U.S. Sen. Bernie Sanders, who is polling second behind Biden in a crowded field of Democratic primary contestants, according to a recent CNN survey, is a vocal supporter of the Green New Deal climate platform, which includes a goal to transition to 100% renewable, clean or zero-emissions electricity. Sanders is also pushing to ban all fossil fuel leases on public lands and to end U.S. exports of coal, natural gas and crude oil.

Other Democratic White House hopefuls, including Washington Gov. Jay Inslee, have announced similar goals to meet 100% of U.S. electricity demand from clean resources and work toward zero net carbon emissions by 2050, the latter of which climate experts say is necessary to avoid the worst consequences of global warming.

In his climate proposal, Biden called the Green New Deal a "crucial framework for meeting the climate challenges we face," satisfying climate action advocates who had worried his campaign might not be aggressive enough on the issue.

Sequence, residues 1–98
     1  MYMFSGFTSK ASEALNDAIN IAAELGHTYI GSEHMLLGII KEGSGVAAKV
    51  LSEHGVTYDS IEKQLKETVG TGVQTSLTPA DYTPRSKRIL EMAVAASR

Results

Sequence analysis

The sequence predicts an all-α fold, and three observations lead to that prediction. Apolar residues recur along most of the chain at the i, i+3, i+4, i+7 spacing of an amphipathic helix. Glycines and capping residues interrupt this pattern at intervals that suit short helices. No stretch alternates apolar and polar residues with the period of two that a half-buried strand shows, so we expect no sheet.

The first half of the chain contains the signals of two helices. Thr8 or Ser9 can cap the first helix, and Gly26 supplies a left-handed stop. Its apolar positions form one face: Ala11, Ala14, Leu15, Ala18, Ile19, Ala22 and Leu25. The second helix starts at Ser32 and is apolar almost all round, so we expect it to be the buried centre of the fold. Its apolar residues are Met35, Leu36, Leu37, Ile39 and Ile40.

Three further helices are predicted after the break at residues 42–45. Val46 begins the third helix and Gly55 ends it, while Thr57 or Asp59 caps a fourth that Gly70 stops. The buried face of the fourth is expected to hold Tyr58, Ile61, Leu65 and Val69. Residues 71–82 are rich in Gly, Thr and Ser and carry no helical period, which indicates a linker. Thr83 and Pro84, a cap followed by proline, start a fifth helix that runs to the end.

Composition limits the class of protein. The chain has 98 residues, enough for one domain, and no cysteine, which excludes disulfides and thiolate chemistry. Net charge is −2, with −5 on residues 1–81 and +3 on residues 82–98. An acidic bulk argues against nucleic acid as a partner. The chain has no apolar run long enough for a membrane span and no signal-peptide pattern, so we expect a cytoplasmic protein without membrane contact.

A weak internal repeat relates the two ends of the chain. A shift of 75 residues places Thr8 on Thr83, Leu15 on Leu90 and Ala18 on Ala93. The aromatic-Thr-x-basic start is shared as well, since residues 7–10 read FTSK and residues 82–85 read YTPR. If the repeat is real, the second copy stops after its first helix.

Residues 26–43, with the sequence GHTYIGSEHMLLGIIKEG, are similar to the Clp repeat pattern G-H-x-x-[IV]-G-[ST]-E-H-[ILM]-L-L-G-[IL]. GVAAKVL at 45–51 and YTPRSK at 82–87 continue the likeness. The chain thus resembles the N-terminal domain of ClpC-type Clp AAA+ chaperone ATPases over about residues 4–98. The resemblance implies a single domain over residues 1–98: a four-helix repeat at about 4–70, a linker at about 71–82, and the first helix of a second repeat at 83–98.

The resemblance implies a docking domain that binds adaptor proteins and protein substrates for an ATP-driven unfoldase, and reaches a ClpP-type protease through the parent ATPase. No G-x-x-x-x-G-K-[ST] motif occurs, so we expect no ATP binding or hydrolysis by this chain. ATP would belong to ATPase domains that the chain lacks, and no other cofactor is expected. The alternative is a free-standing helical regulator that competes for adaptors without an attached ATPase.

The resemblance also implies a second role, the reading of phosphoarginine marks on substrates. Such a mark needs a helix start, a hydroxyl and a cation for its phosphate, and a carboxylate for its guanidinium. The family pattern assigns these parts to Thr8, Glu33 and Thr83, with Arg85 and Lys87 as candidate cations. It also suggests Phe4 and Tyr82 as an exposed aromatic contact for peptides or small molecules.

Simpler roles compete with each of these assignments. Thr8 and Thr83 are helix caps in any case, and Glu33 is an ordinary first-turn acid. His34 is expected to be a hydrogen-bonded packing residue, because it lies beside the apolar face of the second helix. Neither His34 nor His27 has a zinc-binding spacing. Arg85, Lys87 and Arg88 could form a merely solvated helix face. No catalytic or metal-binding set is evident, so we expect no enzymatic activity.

Biden's plan "makes it clear: climate change is going to be a defining issue in the 2020 election, and we've raised the bar for what it means to be a leader on climate," said Varshini Prakash, executive director of the Sunrise Movement, the youth organization that helped form the Green New Deal.

A key trade group representing the oil and gas industry blasted parts of Biden's proposal.

"These plans all seem to pit environmental protection against the working families who rely on affordable American energy in every facet of their lives," the American Petroleum Institute said in an emailed statement. "The U.S. natural gas and oil industry is working toward a future where access to energy and opportunity is within reach for all people, and has made reducing emissions while meeting record consumer energy demand a reality."